The investigators would, of course, deny that the change in charges is linked with his retraction.  They have claimed that there is a phonographic expert assessment identifying Aivazov’s voice as that on a tape.  Eismont says she cannot check this as she has not been given access to the tape, but has been given a copy of the text, coming it quite clear how innocuous it is.

This supposedly incriminating utterance is as follows:

A Muslim is prohibited from regretting and being sad about the past since that spoils the present and distracts from what brings one nearer to it. When the future comes, [such a person] is preoccupied with sadness and regrets. In this way, he wastes his life, repeating, if I had acted like that or like that.  In truth, achievement of the goal is not attainable through sadness for the past, but is possible only through serious activities and the use of all time to achieve ones aim and to work towards it.  This was understood by Muslim scholars who left knowledge, recording it and preserving it”.

As Eismont says, there is not even the remotest connection with terrorism in such words which the investigators are claiming to be ‘incriminating’. 

Aivazov is just 26.  He and his wife Mavile have two small daughters – Ayat and Amaliya.  The latter was born after his arrest.

Aivazov, and the other 24 men (counting Eskender Suleymanov, arrested on 10 June 2019) have all been recognized by the renowned Memorial Human Rights Centre as political prisoners.  See: Russia uses wholesale arrests to try to crush Crimean Tatar human rights movement

The 25 political prisoners

Izet Abdulayev, b. 22.10.1986, has actively attended politically motivated ‘court’ hearings.  He and his wife have two small children, one of whom was born after his arrest.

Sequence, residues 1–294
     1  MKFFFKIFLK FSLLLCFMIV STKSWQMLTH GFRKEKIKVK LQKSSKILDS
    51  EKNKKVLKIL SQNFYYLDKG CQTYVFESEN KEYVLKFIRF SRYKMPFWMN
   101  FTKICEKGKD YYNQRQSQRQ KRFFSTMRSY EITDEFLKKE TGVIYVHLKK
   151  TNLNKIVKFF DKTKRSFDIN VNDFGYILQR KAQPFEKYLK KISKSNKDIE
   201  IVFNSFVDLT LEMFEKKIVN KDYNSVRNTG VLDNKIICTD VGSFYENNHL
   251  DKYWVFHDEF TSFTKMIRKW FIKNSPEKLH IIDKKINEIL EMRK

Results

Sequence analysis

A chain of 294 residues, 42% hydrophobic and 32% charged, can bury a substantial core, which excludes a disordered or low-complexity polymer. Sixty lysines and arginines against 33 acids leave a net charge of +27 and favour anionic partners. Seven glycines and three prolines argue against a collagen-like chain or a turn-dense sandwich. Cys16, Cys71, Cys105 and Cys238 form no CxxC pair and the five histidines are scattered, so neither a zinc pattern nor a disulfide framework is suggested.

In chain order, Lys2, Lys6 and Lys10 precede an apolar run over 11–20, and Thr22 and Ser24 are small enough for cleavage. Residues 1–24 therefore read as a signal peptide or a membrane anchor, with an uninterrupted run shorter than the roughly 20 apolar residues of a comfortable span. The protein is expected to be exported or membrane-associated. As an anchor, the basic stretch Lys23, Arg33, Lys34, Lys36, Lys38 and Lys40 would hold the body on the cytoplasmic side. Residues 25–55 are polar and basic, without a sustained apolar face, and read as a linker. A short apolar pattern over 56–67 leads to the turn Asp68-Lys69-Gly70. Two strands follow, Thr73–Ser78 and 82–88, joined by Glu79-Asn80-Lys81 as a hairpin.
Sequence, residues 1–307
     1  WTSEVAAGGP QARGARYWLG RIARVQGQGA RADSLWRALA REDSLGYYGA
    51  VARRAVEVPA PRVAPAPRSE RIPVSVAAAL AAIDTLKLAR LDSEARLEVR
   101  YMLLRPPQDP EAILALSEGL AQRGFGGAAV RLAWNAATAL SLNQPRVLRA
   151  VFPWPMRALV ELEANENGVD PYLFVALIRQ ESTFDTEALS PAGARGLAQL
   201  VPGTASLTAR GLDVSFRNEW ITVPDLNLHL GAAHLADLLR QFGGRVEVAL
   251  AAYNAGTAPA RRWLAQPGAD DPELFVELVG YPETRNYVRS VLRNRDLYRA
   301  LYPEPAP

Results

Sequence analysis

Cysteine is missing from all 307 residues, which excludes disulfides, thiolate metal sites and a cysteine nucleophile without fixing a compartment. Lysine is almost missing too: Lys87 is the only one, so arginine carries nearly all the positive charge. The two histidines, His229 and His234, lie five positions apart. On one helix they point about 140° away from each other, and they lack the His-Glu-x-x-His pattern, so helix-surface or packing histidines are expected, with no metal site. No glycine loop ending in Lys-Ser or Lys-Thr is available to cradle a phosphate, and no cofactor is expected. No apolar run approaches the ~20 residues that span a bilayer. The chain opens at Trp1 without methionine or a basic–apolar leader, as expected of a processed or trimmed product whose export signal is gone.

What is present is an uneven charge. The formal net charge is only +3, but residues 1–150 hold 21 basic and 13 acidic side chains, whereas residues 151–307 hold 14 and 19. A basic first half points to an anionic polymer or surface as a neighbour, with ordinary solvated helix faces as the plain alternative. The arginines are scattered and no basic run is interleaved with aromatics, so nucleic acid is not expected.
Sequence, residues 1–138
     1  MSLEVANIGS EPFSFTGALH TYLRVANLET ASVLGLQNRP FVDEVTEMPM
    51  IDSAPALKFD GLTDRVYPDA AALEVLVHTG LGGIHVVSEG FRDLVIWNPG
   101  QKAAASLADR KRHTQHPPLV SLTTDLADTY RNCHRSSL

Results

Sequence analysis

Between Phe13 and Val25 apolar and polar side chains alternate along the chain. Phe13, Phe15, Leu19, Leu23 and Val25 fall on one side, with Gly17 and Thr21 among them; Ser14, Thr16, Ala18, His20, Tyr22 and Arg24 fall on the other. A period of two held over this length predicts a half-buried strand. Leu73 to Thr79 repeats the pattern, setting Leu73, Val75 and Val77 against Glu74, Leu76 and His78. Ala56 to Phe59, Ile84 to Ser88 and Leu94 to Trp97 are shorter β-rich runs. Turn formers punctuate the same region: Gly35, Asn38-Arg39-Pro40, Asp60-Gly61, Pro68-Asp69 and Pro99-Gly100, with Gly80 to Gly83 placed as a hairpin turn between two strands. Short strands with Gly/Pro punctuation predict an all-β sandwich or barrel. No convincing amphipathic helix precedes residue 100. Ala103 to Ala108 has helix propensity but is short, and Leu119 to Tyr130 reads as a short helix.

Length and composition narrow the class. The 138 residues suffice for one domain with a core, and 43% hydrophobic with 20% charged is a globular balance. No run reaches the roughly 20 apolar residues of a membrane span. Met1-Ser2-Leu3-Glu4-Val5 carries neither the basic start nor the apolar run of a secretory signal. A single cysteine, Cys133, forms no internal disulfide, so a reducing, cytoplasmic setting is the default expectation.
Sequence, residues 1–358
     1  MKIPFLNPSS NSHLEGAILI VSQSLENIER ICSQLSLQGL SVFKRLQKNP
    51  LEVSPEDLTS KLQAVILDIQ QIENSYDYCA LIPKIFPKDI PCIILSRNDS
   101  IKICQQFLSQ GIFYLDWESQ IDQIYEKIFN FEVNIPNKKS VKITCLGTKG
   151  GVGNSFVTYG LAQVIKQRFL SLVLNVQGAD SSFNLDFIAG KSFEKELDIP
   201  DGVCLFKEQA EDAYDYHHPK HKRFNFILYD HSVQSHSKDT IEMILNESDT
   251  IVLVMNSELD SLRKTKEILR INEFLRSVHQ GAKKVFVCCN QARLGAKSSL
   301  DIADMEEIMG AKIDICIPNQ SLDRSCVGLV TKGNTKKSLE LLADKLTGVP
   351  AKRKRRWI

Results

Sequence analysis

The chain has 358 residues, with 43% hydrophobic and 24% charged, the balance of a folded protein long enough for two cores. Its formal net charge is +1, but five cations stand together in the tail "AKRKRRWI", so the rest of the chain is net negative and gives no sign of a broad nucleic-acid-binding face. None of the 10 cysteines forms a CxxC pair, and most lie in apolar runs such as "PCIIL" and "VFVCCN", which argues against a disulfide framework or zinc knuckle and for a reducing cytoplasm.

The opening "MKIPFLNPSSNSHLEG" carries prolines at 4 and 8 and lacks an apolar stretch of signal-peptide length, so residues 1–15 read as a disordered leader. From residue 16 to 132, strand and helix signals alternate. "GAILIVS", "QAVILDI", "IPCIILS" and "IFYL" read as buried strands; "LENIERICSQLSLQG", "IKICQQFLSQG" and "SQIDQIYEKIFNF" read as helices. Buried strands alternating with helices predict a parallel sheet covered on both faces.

Tofik Abdulgaziev, b. 19.06.1981. is a Crimean Solidarity activist, who has done the sound recordings for Crimean Solidarity meetings and for the civic initiative for the children of political prisoners ‘Crimean Childhood.  He has three children

Vladlen Abdulkadyrov. 28/12.1979, is an activist who was involved in organizing parcels of food, etc. for political prisoners.  He has three children.

Medzhit Abdurakhmanov, b. 02.02.1975, is a Crimean Solidarity activist.  He has two children.

Bilyal Adilov, b. 27.05.1970, is a religious figure who has also actively attended politically motivated ‘court’ hearings.  He has eight children.

Rayim Aivazov, b. 30.01.1994, is a Crimean Solidarity activist.  He and his wife have two small daughters

Enver Ametov, b. 02.08.1975, actively attended politically motivated ‘court’ hearings.  He has three children.

Osman Arifmemetov, b. 28.08.1985, is a Maths and IT teacher, and a  Crimean Solidarity civic journalist and activist.  He has two small children.

Farid Bazarov, b. 22.08.1986, Crimean Solidarity activist.  He has four children.

Akim Bekirov, b. 18.10.1968 is a civic activist who was involved in organizing parcels of food, etc. for political prisoners, and in organizing IT security.  His wife was expecting their second child when he was arrested

Remzi Bekirov, b. 20.02.1985, is a historian and a Crimean Solidarity civic journalist.  He has three children.

Dzhemil Gafarov, b. 31.05.1962, actively attended all politically motivated ‘court’ hearings.   

Servet Gaziev, 15.04.1960, actively attended all politically motivated ‘court’ hearings

Riza Izetov, b. 24.01.1979, is a human rights activist and Crimean Solidarity civic journalist.  His wife was expecting their third child when he was arrested.

Alim Karimov, b. 08.04.1994, is a Crimean Solidarity activist.  He has one child.

Seiran Murtaza, b. 27.11.1983, actively attended all politically motivated ‘court’ hearings. He has two children.

Yashar Muyedinov, b. 14.04.1968, is a Crimean Solidarity activist.  He has eight children.

Erfan Osmanov, b. 03.09.1982, actively attended all politically motivated ‘court’ hearings.  He has two children.

Seitveli Seitabdiev, b.16.03.1994, is a Crimean Solidarity activist. He has two children.

Rustem Seitkhalilov, b. 18.01.1984, is a Crimean Solidarity activist.  He has three children.

Rustem Sheikhaliev, b. 22.06.1979, is a Crimean Solidarity civic journalist. He has three children.

Eskender Suleymanov,  Crimean Solidarity activist (arrested on 10 June 2019)

Ruslan Suleymanov, b. 21.04.1983, is a physics teacher and Crimean Solidarity civic journalist and activist.  He has two children (after the tragic death of his youngest child, Musa and Russia’s refusal to let him attend the funeral).

Shaban Umerov, b. 22.10.1969, is a Crimean Solidarity activist.  He has three children.

Asan Yanikov, b. 11.09.1986, is a civic activist involved in organizing food parcels for political prisoners.